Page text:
Converged secondary storage is a combination of many data protection technologies including backup, recovery, archiving, replication, deduplication, compression and encryption. The idea of a turnkey packaged solution is very attractive to some who have little interest in selecting a server and the associated software components, and just want something that is scalable and secure and optimized out of the gate. On the other hand, some customers are likely to have appropriate infrastructure in the data center and would prefer a software-only solution that they can install themselves. One of the big advantages of this converged storage approach is that it allows buyers to think beyond backup, and to think in terms of a broader data protection management strategy. 2. What about copy data management?
Copy data management is a solution to the problem of proliferating copies of data across the enterprise. The amount of data collected and processed by enterprises has grown exponentially over the last few years, and if multiple copies of the same data are being stored, this can use up available storage space and degrade performance. The key insight behind the development of copy data management is that there should be a centralized, policy-driven way to manage the creation and use of copies in an automated and efficient manner. Copy data management capabilities have now become pervasive in backup offerings, and most enterprise vendors include some form of copy data management as standard with their products.3. Is cloud backup for you?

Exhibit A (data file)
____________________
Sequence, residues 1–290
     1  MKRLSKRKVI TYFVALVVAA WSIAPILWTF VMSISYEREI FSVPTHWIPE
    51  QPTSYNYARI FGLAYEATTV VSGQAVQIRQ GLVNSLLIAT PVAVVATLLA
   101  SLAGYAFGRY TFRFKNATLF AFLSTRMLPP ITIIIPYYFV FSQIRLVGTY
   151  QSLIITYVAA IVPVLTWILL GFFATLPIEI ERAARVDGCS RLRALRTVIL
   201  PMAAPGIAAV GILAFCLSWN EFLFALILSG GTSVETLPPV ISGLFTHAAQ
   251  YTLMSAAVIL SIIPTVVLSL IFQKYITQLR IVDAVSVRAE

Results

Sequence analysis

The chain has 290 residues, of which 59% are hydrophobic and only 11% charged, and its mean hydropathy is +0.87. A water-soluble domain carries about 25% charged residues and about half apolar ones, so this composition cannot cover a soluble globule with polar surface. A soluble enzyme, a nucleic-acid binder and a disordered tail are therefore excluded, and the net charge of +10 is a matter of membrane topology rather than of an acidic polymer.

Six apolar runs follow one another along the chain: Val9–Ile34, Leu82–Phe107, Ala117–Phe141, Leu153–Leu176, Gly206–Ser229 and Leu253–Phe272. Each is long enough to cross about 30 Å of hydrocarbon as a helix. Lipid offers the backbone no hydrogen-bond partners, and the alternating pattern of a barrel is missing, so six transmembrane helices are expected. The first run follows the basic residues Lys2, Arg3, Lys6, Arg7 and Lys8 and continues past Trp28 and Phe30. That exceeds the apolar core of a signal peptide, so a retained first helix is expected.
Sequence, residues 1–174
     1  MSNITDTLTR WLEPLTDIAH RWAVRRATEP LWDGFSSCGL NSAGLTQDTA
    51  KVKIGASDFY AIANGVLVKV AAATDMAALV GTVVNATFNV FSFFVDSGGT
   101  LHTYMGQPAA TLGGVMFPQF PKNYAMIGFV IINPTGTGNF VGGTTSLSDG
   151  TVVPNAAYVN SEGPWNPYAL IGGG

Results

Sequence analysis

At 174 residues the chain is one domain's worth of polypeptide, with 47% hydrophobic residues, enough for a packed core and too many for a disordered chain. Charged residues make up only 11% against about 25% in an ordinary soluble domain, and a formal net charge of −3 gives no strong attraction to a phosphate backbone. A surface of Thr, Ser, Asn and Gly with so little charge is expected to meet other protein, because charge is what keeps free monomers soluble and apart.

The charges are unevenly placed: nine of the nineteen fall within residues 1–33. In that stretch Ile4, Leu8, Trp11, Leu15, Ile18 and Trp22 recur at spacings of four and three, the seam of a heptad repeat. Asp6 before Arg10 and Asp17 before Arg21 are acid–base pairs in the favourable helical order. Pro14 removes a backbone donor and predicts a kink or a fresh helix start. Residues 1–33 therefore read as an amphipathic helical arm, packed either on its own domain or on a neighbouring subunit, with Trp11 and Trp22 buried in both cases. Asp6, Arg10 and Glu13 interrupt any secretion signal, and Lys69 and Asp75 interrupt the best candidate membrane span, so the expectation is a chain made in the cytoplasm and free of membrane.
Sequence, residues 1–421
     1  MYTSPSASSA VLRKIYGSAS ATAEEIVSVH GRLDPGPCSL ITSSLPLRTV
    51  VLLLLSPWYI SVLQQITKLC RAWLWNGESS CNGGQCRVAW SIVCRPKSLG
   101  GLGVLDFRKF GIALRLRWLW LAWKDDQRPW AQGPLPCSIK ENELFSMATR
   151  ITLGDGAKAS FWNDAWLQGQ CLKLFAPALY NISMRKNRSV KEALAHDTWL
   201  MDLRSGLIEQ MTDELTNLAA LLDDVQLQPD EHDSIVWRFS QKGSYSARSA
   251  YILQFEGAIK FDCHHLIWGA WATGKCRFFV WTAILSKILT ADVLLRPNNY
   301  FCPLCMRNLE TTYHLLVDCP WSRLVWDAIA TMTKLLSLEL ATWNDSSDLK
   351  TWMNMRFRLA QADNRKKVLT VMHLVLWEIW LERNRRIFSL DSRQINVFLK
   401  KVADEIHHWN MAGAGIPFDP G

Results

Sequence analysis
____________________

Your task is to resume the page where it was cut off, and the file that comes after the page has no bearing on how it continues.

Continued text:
Cloud storage is not yet the de facto storage option for most organizations despite advantages like elasticity which allows for capacity growth with unlimited storage. However, a large majority of organizations have a hybrid strategy allowing them to utilize both on-premises and cloud backup strategies, sometimes dictated by the kind of data being backed up. For example, mission critical data might be backed up to disk in the data center, while data that is less likely to be needed in the short term is stored in the cloud as a form or archiving. Start a Data Center Backup software comparison
Costs of data backup solutions vary widely but directly correlate with the quantity of data backed up as the foremost cost determinant. However, infrastructural complexity (primarily virtualization) also provides a source of cost increase. Many vendors of data center backup software do provide very limited “community” editions of their backup solutions at no cost. These free backup solutions are available perpetually and provide basic file protection and sometimes finite cloud storage for backup data. Paid plans are generally available on a per server or per socket basis. For various degrees of feature breadth cost will generally range from $450 to $1200 per server.
While all products feature basic data center backup, advanced backup solutions include workload automation, role-based access, self-service recovery, and other features. Alternatively, protection plans can be purchased per workstation. This may present a viable, low cost (e.g., approximately $100 per workstation per year) backup solution for small businesses. Also, leading providers of data center backup and disaster recovery solutions may provide wholly managed recovery services, or data backup hardware and appliances as well.